Authorities in Djibouti are working to increase the share of renewables in the energy mix, with a particular focus on harnessing the country’s plentiful geothermal resources.
In early August Djibouti’s Office of Development of Geothermal Energy inked a memorandum of understanding with Japanese conglomerate Toshiba to develop some 50 MW of geothermal energy projects across the country.
Under the terms of the agreement, Toshiba will provide guidance for power plant operations and management, coordinate the development and supply of geothermal generation systems, and train local personnel.
This partnership dovetails with Vision 2035, Djibouti’s long-term development plan, which envisages a full transition from conventional thermal energy to renewable sources by 2020.
Promising geothermal resources
Despite its significant potential, concerted efforts to explore Djibouti’s geothermal sources are relatively recent.
In mid-2013 Djibouti raised $31m from the World Bank, the African Development Bank (AfDB) and other lenders for its Geothermal Power Generation project to conduct exploratory drilling in the Assal Rift.
A survey completed by the Japan International Cooperation Agency in 2014 identified a total of 13 potential geothermal sites, including Lava Lake at Asal-Fiale, as well as sites in Hanle-Garabbayis, Goubet and Gaggade, which together could produce at least 1 GW of electricity, according to press reports.
Harnessing this potential would represent a significant increase on Djibouti’s current installed generation capacity of around 120 MW.
At present, heavy fuel oil or diesel thermal power plants account for approximately one-third of the country’s energy mix, while the remaining two-thirds is supplied through a 150-MW interconnection line from neighbouring, hydropower-rich Ethiopia.
Electricity tariffs impact local business and industry
In addition to fostering greater long-term energy independence, authorities are looking for increased geothermal generation capacity to curb Djibouti’s electricity costs, which are among the highest in the world, according to the AfDB.
The price of electricity in Djibouti is $0.28 per KWh – significantly higher than the average of $0.14 in Africa, $0.07 in East Asia and $0.04 in South Asia.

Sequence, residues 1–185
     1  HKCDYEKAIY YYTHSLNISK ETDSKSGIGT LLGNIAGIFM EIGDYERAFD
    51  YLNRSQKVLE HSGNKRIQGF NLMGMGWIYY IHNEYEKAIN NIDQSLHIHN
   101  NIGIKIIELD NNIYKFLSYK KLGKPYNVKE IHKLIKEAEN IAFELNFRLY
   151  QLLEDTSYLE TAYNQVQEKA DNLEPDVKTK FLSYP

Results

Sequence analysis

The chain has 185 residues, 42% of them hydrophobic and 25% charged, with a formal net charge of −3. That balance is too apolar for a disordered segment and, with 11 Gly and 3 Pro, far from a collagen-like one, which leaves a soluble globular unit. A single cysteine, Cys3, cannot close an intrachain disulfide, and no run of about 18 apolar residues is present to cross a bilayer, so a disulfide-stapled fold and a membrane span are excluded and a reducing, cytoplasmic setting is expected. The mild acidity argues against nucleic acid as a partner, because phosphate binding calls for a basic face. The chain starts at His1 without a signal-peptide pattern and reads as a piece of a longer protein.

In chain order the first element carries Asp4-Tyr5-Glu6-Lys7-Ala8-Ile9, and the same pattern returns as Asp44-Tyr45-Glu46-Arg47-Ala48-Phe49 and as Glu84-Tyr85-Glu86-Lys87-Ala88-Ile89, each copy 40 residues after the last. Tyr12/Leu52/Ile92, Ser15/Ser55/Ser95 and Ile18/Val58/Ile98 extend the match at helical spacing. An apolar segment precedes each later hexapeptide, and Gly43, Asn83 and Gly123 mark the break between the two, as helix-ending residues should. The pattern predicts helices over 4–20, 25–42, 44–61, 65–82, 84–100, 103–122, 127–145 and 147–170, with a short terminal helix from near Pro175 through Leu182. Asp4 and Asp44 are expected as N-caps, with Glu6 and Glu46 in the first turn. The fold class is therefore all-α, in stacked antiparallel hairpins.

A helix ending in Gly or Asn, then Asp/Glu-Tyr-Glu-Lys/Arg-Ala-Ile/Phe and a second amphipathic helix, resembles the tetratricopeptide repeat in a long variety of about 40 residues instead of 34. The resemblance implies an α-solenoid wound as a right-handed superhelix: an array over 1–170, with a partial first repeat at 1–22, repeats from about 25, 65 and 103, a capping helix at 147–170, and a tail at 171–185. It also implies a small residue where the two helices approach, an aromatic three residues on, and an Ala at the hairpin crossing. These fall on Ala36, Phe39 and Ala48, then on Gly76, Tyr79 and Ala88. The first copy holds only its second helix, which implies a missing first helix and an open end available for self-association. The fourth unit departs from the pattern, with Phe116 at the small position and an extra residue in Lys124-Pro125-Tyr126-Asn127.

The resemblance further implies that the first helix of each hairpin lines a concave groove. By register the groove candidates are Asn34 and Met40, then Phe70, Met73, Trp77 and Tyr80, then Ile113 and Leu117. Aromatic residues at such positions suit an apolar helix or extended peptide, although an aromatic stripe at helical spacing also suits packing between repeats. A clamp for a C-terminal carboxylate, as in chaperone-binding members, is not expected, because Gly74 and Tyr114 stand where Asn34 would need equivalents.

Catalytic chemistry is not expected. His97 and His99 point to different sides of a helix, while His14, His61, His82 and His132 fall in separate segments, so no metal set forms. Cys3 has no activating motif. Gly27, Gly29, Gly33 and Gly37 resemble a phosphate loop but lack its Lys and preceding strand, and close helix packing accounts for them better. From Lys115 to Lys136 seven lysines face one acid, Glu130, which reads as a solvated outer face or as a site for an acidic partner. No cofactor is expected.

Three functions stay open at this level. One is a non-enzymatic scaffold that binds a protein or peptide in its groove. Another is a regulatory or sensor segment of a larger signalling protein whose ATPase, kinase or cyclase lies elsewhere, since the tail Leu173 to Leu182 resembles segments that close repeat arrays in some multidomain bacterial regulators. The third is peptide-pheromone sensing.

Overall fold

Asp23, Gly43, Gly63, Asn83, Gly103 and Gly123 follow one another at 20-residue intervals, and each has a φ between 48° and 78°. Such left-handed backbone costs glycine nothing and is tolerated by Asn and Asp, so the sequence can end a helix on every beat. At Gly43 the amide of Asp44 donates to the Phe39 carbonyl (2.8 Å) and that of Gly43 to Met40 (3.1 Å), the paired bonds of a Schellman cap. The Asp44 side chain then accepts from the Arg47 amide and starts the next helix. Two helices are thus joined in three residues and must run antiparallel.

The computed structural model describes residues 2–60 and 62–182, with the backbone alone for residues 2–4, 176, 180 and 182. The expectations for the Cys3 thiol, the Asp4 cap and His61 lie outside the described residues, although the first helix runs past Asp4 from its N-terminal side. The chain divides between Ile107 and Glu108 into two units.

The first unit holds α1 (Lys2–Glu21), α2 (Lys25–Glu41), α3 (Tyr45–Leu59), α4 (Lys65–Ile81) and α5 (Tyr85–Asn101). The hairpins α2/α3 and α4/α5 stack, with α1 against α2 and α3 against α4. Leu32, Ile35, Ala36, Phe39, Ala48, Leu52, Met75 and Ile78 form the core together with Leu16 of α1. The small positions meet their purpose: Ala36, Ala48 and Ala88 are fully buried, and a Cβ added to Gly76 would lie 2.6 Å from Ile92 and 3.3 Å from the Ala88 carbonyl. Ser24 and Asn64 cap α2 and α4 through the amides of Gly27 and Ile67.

High electricity tariffs, which comprise about 25 percent of business expenses in the country, also hinder the development of industry and manufacturing, which account for around 37 percent of energy consumption.
According to the World Bank’s 2014 Djibouti Enterprise survey, 49 percent of participating companies rated access to electricity as the biggest obstacle to daily operations, and seven in 10 said they rely on generators.
While a 10 percent decrease in electricity tariffs announced in April will go some way towards resolving cost concerns, in the long term authorities are looking to the cost-saving potential of geothermal power.
The construction of geothermal power plants could reduce the cost of power generation by nearly $0.20 per KWh, according to the International Renewable Energy Agency (IRENA), which would bring Djibouti’s electricity prices in line with those in East Asia.
In addition, the replacement of Djibouti’s thermal stations with geothermal-powered facilities would allow the national electricity company, Electricité de Djibouti, to save an estimated $57m per year, Ali Yacoub Mahamoud, minister of energy, told local media.
Development fuels demand growth
Djibouti faces the dual challenge of high electricity costs and rising electricity demand, which is quickly outpacing local energy production and imports. Urbanisation and population growth, as well as a string of mega-infrastructure projects, have seen demand growth accelerate in recent years.
Electricity consumption in Djibouti has increased by 75 percent in the last decade, while production has expanded at a much slower rate, at around 5.7 percent per year for the last 40 years, according to the IRENA “Djibouti Renewable Readiness Assessment” report.
This upward trend is expected to continue, fuelled in large part by ongoing urbanisation.
Electrification remains largely concentrated in urban areas, where about three-quarters of the population lives. Some 61 percent of city residents are connected to the grid, compared to just 14 percent in rural areas, according to data from the International Energy Agency (IEA).
As Djibouti’s per capital energy consumption, currently at 33 KWh per year, moves towards the Africa average of more than 575 KWh per year, as per IRENA figures, peak demand will continue to rise.
The country’s peak annual demand was approximately 90 MW in 2014, but that figure is expected to more than triple to 300 MW by 2020, according to the IEA’s 2015 “World Energy Outlook”.
Tapping available resources, particularly low-cost alternatives such as geothermal, will therefore be key to meeting future energy needs.